One of the pleasures of archival research is the possibility of coming across surprising items—a bit like walking across a beach and tripping over a treasure. When we were preparing for last year’s Paul Rudolph centenary exhibits, we did a deep dive into our archives. This post is about one such item we came across (and we’ll be sharing more in future posts.)

What secrets lie beyond that door? The front facade of Philip Johnson’s home, at 242 East 52nd Street in Manhattan. Originally designed by Johnson—in his most Miesian phase—as a guest house for the Rockefeller family, it was later donated by them to the Museum of Modern Art (for the same use).    It is now a NYC landmark   . Among the later residents was Johnson himself, who made it his NYC home in the 1970’s. Photograph courtesy of   galinsky.com

What secrets lie beyond that door? The front facade of Philip Johnson’s home, at 242 East 52nd Street in Manhattan. Originally designed by Johnson—in his most Miesian phase—as a guest house for the Rockefeller family, it was later donated by them to the Museum of Modern Art (for the same use). It is now a NYC landmark. Among the later residents was Johnson himself, who made it his NYC home in the 1970’s. Photograph courtesy of galinsky.com

FRENEMIES

We’re often asked about the relationship, personal and professional, between Rudolph and Philip Johnson. Though Johnson was a dozen years older than Rudolph, and their origins and experiences growing up were very different (especially their economic backgrounds), they came to know each other rather well after World War II. Both had been in Harvard’s school of architecture (where Rudolph was a favorite of the program’s director, Walter Gropius)—and both became rising stars in the post-war/post-Bauhaus generation of American architects who were advocates for Modernism. When Paul Rudolph became Chair of Yale’s School of Architecture—he was in office there from 1958-1965—Johnson was invited by Rudolph to be a teacher or to join-in at end-of-term juries.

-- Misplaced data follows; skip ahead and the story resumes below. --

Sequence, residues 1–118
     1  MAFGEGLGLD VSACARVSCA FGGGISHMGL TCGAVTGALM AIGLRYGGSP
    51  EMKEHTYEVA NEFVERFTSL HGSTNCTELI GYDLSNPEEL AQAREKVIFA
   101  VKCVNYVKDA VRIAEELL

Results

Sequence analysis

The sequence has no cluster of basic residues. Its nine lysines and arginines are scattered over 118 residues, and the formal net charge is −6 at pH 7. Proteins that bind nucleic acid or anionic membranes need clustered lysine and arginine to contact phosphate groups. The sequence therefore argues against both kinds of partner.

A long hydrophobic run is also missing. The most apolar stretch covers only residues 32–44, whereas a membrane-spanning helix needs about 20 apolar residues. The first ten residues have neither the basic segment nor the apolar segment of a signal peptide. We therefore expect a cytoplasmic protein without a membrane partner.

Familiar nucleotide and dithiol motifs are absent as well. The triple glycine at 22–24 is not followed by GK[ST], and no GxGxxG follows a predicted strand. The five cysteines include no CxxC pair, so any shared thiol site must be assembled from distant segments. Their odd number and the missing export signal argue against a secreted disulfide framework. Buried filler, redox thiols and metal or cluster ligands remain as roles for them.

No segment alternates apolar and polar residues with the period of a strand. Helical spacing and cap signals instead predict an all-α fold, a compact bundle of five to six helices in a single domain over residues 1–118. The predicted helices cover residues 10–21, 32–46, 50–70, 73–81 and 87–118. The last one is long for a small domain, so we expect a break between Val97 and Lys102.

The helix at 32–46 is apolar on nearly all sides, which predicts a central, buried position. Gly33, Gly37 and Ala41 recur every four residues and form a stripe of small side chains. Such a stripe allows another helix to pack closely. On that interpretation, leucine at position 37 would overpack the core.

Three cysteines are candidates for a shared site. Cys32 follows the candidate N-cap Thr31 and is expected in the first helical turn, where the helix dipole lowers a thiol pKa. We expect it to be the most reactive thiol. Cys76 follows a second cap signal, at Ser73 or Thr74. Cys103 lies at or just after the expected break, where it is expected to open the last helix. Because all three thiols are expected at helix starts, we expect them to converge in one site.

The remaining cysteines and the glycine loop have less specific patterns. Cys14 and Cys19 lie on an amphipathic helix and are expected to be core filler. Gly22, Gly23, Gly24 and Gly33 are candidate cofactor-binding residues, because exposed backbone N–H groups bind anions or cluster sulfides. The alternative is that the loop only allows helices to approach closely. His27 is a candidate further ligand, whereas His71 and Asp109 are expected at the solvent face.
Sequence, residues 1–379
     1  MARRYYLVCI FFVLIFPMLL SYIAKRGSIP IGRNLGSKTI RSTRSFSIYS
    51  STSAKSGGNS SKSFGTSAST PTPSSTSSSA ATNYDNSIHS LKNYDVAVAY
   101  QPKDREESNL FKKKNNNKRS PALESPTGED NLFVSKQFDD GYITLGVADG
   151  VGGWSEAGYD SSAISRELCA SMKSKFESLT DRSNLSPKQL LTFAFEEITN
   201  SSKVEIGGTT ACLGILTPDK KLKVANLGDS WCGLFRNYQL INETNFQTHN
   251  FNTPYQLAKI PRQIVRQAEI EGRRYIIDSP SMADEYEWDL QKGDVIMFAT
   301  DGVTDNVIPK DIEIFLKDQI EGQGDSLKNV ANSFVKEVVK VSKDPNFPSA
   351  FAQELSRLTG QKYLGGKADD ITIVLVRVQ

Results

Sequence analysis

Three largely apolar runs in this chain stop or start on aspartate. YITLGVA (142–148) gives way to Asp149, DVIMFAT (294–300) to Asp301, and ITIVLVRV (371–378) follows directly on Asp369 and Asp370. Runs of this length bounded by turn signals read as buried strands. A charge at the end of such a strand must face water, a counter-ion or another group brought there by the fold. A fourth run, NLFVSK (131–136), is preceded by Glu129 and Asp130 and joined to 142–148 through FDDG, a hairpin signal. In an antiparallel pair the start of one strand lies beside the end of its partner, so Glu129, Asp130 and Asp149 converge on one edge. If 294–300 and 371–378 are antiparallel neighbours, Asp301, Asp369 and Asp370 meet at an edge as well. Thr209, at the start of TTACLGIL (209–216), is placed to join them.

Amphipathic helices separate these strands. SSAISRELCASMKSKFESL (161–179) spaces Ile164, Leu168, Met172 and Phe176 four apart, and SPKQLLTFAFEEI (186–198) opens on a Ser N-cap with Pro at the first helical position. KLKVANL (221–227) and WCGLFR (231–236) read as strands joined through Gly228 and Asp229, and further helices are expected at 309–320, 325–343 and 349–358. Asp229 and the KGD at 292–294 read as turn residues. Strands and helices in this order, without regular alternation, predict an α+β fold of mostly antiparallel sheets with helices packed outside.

Philip Johnson was a mercurial personality, whose behavior could range from waspish and Machiavellian to loyal and generous. He was famous for his wit. Emily Sherman was a close friend of Rudolph, and spent time around both architects—and she says that Johnson could have had a career as a stand-up comedian. A facet of that wit was teasing—and Rudolph was long-term, friendly target.

We’ve discovered that Johnson designed a house for the Tuttle family, one that was not built—but Rudolph had the same client decades later, and completed one his most unusual houses for them. We wonder whether Johnson or Rudolph knew about each other’s work for the family—and, if Johnson did know of Rudolph’s success with the Tuttles, did it rankle Johnson? Even so, they were friends, and neighbors too: Johnson’s NYC home on Manhattan’s East 52nd Street (shown above) was close to Rudolph’s on Beekman Place—and they also sometimes dined together at Billy’s, a bar-restaurant about half-way in-between. Also, Rudolph was an occasional guest at Johnson’s Connecticut home, The Glass House.

HAPPY BIRTHDAY, BUT…

Johnson was born in 1906, a dozen years before Rudolph. But in very real way, those dozen years made a profound difference: Johnson was of another generation—one that was born into the world that World War One would sweep away. Rudolph was born well after, in an America that had become a world power, and he grows up during the 1920’s and 1930’s. So they are, in so many ways, very different.

Yet they did develop a long-term friendship, and, as evidenced the item below. In 1991 Rudolph was invited to Johnson’s 85th birthday. As you can see, Rudolph, himself well into his 70’s, was still busy with projects—maybe, on the night of Johnson’s party, a bit too busy….

A birthday note—via fax—from Paul Rudolph to Philip Johnson. Since Johnson was born in 1906, and the there’s a reference in the note to this being his 85th, birthday, it must have faxed over in 1991. From the archives of the Paul Rudolph Heritage Foundation, © The Paul Rudolph estate, Paul Rudolph Heritage Foundation.